4:05 PM - 4:25 PM
[SCG49-03] Peridotite alteration in OmanDP cores
Keywords:Global carbon cycle, Oman Drilling Project, Peridotite weathering, Serpentinization, Carbon mineralization aka mineral carbonation, Natural production of H2 hydrogen gas
Fully carbonated peridotites (listvenites) and serpentinites of Hole BT1B reflect carbonation and hydration by fluids rising from the Cretaceous subduction zone at the base of the ophiolite, at about 100°C (Falk & Kelemen GCA 2015). Though there is extensive, 0.01-10 m scale chemical variation, the average, volatile-free composition of the listvenites is almost identical to that of partially serpentinized harzburgites throughout the ophiolite mantle section. This observation and thermodynamic modeling indicate that, during addition of CO2, H2O, Ca and K from subduction zone fluids, Mg/Fe/Si ratios were nearly unchanged, suggesting very minor export of dissolved, major elements. In turn, this requires a large increase in solid volume. One possibility is that major volume expansion occurred at a serpentinization front, perhaps advancing via reaction-driven cracking, followed by smaller amounts of expansion at the carbonation front. Observed mineral parageneses and thermodynamic modeling require relatively CO2-rich aqueous fluids, and perhaps an exsolved, CO2-dominated fluid. CO2 contents were higher than for fluids in equilibrium with underlying metasediments at any likely depth for formation of the observed listvenite, and thus suggest that fluids derived from higher temperature and pressure devolatilization migrated up the subduction zone to this site.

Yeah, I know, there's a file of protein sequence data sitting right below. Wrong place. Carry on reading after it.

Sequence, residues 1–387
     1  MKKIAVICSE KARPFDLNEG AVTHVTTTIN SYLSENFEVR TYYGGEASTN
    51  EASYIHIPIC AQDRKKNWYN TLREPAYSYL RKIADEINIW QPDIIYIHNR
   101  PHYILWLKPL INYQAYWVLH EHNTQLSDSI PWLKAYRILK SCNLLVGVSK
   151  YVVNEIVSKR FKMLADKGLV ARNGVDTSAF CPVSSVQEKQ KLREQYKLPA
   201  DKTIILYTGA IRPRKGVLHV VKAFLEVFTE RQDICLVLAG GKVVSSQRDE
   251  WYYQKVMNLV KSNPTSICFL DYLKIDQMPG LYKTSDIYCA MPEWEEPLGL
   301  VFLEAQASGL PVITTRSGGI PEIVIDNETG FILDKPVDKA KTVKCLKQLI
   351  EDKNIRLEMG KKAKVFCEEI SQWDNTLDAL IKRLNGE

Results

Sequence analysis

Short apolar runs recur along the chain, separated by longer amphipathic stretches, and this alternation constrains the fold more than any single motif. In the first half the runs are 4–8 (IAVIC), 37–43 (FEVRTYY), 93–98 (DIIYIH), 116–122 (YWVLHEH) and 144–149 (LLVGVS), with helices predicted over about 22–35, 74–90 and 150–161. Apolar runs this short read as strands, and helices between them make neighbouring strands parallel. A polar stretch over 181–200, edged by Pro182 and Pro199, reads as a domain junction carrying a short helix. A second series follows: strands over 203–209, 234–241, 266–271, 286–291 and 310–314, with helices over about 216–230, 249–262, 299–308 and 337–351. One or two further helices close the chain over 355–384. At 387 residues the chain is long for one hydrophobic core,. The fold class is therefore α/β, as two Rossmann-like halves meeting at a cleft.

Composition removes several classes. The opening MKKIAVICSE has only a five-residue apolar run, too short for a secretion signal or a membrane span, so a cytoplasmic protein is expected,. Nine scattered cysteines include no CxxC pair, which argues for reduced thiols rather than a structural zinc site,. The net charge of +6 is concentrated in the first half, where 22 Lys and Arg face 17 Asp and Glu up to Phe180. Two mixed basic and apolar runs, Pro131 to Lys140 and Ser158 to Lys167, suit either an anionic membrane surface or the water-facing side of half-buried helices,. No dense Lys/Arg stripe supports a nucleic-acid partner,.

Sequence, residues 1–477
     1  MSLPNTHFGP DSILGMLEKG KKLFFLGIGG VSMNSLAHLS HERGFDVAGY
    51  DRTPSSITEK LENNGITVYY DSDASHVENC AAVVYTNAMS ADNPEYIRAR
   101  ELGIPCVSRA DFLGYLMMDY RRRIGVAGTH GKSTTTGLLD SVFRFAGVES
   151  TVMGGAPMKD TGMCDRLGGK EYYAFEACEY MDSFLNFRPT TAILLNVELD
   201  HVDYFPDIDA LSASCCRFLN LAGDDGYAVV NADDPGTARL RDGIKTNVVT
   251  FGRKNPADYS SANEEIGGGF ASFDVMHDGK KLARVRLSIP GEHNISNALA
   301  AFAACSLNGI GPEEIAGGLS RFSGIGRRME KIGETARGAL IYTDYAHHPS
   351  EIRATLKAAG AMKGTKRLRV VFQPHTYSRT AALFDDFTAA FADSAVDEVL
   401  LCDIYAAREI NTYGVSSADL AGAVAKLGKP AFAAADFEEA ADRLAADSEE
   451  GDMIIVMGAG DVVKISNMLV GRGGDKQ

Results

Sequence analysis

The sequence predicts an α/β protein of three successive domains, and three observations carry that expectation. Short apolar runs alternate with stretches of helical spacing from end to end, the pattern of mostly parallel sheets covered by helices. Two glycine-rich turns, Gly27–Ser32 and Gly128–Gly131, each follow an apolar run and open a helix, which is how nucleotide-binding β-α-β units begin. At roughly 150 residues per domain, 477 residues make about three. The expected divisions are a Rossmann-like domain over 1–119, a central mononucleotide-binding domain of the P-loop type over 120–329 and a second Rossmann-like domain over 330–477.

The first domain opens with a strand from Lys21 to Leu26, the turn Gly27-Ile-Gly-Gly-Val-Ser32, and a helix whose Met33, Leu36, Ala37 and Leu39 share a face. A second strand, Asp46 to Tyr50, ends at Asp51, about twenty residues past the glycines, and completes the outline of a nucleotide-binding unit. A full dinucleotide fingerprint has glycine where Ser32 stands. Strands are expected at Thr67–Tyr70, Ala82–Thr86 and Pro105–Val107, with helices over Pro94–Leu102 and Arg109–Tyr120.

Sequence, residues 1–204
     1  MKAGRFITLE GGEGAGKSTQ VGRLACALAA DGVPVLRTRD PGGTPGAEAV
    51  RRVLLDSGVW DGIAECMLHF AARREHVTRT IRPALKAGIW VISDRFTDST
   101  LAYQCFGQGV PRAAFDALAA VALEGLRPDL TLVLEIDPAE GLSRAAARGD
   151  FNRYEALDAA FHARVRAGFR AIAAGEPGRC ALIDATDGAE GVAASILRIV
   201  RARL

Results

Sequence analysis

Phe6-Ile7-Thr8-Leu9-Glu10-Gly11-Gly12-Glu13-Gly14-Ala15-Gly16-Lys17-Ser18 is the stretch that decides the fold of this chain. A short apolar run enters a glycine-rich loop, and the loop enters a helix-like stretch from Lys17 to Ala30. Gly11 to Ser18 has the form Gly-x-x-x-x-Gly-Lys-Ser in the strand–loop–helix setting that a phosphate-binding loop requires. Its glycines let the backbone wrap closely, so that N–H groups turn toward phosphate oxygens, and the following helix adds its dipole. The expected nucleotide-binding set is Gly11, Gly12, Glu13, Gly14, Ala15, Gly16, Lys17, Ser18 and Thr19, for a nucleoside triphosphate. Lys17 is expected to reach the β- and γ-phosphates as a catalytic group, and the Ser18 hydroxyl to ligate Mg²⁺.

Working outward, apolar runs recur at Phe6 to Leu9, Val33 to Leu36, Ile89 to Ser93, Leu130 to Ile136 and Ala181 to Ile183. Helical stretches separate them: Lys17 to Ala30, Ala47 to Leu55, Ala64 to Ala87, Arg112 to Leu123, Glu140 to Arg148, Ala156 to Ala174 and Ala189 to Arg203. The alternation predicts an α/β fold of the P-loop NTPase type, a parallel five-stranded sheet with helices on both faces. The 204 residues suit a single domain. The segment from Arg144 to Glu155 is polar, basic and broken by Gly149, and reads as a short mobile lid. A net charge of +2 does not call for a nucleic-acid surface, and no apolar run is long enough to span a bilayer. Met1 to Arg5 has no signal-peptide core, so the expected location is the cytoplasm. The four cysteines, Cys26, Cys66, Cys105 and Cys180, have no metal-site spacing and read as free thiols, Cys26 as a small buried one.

Highly serpentinized peridotites from Holes BA1B, BA3A and BA4A record steep chemical gradients, with sharply decreasing f(O2) and f(CO2) downhole, beginning at the present-day erosional surface. Moreover, inferred conditions based on mineral parageneses are consistent with present-day borehole water compositions. Oxygen fugacity reaches the limit for H2 production from H2O at < 100 meters below the surface. These borehole observations are consistent with previous observations (14C in carbonates, reduced sulfides, oxides and metals, highly alkaline and reduced fluids, H2 gas) and thermodynamic modeling indicating that carbonation and serpentinization-related redox reactions are ongoing. Given experimental data suggesting that serpentinization of olivine is slow, evidence for low temperature “serpentinization” raises interesting questions about natural rates, and the nature of reactants and products, in the present-day weathering environment.